Eneza Education is a for-profit social enterprise based in Nairobi, Kenya. Through our SMS, web, and soon to be Android products, we provide students and teachers with courses aligned to the local curriculum. We also enable learners to chat with live instructors and professionals in what we call our “virtual classroom.”
Africans aged 14-25 are a huge business opportunity that many entrepreneurs are starting to see. Tweet This Quote
To date, Eneza has reached over 600,000 (offline) unique users in Kenya and Ghana. Every day, our team calls around 300 of our current users to get demographic information as well as educate them on cost and value of the product.
When we analyzed our typical 70,000 monthly active users (well, 135,000 MAUs this month) in Kenya, we found the following to be true:
- Around 30% of our most active users are out of school—these are our super users.
- There is a high demand for formal secondary school content (local or international) for a broad age range (14-30 years old), whether the user is in school or not. This is important to note. Many people want to throw typical “vocational” content at any and all dropouts, but the demand is for formal content, too.
- Our users wanted to chat with us on WhatsApp, meaning they have smartphones.
Thus, we made a strategic decision to focus on two things: 1) An older market than our usual 10-14-year-olds; and 2) Launching our Android app to the market.
When I was doing market research last month for our new financial model, I came across amazing stats on Android growth and the potential of 14-25-year-olds as customers in the African market. This matched the direction of what we see with our own subset of users.
When it comes to spending power and a burgeoning consumer market, 14-25-year-olds in Africa are an amazing market. Tweet This Quote
Here’s what I found: 14-25-year-olds are going to be THE market to hit in Africa.
Let’s call these adolescents and young women and men ANGs for short (Africa’s Next Generation). ANGs are a huge business opportunity that many entrepreneurs are starting to see. International companies are starting to focus their attention on the last “untapped” market in the world. When it comes to spending power and a burgeoning consumer market, 14-25-year-olds on The Continent are an amazing market to hit for the following reasons:
- ANGs account for a HUGE percentage of the population in Africa, especially as the population quadruples in the next 35 years.
- ANGs are buying Android phones.
- ANGs are spending > 20% of their income on these Android phones and their services.
- ANGs are connected and empowered.
Furthermore, 58% of new phones in the market are Android, and 18% of all phones specifically in the Kenyan market right now (Q4 2015) are Android. In one study, 19% of Kenyans report making app downloads. In Ghana, it’s 31% and in Nigeria it’s 28%. In South Africa, Android phones in the market are tripling every 18 months.
To further understand these trends, below are charts I created from the data I compiled on population and Android growth:
14-25-Year-Old Market in English-Speaking (or English-Friendly) Africa
(based off of these population estimates)
That’s 80.5 million potential Smartphone/Android users by 2019—a huge market.
Adjusted for Simple Population Growth Rates
This number jumps to 85.7 million when you take into account population growth, assuming South Africa’s population declines as predicted.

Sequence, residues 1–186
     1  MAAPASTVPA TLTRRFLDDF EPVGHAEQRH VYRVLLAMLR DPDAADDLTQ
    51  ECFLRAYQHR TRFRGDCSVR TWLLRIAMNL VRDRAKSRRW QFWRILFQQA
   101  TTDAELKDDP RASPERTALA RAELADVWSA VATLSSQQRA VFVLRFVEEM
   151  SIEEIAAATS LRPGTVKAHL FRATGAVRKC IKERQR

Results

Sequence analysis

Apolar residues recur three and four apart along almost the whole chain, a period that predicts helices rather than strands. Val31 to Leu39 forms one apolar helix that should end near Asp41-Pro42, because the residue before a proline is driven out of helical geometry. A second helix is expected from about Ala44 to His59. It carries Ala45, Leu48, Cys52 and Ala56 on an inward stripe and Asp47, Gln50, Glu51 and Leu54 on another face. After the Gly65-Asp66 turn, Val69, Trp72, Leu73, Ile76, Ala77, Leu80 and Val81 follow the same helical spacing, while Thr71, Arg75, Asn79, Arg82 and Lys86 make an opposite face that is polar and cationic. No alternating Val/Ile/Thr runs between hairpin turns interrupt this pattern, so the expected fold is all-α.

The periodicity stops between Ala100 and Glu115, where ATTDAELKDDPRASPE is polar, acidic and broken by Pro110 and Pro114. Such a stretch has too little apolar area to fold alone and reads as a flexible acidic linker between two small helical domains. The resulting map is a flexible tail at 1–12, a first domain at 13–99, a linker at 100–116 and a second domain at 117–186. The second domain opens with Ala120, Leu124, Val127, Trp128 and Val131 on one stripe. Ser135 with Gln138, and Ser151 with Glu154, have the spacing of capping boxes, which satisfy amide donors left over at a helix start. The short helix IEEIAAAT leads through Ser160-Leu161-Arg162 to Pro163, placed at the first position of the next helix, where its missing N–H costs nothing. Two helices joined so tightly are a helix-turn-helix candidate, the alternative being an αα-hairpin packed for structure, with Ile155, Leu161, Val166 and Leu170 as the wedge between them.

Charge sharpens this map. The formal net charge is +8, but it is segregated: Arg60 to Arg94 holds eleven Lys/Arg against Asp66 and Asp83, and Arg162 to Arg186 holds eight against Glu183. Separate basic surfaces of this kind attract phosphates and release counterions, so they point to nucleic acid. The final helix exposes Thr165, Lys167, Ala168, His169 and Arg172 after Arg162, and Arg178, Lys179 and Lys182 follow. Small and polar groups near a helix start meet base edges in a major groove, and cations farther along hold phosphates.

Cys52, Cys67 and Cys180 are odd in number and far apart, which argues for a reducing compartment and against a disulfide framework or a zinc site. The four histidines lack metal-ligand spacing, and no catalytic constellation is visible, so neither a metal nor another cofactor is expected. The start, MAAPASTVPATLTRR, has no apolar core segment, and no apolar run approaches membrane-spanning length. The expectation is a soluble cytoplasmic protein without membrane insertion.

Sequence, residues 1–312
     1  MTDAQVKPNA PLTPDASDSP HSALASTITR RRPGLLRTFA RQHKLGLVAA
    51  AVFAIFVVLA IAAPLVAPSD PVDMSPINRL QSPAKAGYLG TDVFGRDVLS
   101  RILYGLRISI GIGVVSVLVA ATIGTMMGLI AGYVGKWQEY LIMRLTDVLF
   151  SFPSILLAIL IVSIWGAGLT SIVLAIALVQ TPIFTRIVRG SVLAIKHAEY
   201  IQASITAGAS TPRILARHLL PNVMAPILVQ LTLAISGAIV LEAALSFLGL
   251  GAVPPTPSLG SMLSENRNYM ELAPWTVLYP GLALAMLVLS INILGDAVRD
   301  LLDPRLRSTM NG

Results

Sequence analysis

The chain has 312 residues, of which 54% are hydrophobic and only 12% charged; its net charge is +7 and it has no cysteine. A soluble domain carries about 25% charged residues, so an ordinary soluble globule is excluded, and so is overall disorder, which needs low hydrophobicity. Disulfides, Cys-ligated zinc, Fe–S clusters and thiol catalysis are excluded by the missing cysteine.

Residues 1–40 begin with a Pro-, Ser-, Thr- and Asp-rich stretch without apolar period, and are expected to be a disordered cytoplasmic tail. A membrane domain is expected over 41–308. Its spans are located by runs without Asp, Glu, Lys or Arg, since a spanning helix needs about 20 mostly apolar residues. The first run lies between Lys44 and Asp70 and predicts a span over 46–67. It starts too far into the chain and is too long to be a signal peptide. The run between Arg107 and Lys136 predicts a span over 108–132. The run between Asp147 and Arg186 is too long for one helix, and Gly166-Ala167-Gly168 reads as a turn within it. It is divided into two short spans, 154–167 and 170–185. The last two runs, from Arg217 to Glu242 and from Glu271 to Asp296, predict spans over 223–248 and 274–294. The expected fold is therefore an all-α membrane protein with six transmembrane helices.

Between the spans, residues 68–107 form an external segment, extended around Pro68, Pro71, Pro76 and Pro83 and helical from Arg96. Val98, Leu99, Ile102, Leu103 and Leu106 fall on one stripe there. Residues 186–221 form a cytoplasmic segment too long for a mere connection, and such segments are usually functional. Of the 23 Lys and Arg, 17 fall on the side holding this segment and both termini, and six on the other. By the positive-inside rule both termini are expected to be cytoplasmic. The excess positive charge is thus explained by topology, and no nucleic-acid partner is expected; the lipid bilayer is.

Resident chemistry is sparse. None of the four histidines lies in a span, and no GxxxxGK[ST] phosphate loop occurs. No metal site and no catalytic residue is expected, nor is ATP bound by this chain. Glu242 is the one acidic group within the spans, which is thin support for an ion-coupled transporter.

If a certain percentage of the market pays $12 per year (like they do for our educational service already), this is the revenue potential:
Being as conservative as possible, you can see this is a $50 million market by 2019. And, you can argue that the revenue potential is actually much higher if you take into account the numerous layers of revenue streams that are attached to this consumer base.
What about if they pay a bit more, say $20 a year?
They pay a little more, and this number increases quite a bit to a potential of $85.7 million.
Combine a consumer model with a few select corporate customers, and you have one viable business. If that doesn’t make a B2C market in Africa enticing, I’m not sure what else can. I haven’t even included French-speaking Africa in these estimates, let alone the fact that India is a very viable market to expand to out of Africa.
While a bunch of VCs are investing in the latest SaaS company out of Silicon Valley, perhaps they should be looking to Africa for the next unicorn. Tweet This Quote
The problem is many entrepreneurs are scared to enter the B2C arena in Africa. So far, the telecoms are winning the market, and a few select companies such as iROKO, Paga, and Zoona are seeing some great traction. Also, not as much capital as you would expect is going into B2C models in Africa. Simply put, most investors have no idea how to scale a consumer brand in Africa.
At a workshop in Chicago last month, one presenter mentioned that B2C focused companies are so few and far between, who would want to focus on that as a business model? I hear words floating around like “saturated,” “tapped out,” and even “insane,” when it comes to building a B2C company in the States, especially if you want to dive in to the EdTech, FinTech or even general social space. I guess it’s insane if you only see one market and ignore this huge continent on the other side of the Atlantic.
But, if you turn your attention away from the ANG market that’s ready to spend money, you are missing out on the next big thing. While a bunch of VCs are investing in the latest SaaS company out of Silicon Valley, perhaps they should be looking to Africa for the next unicorn. The potential is here.
Interested in Eneza Education?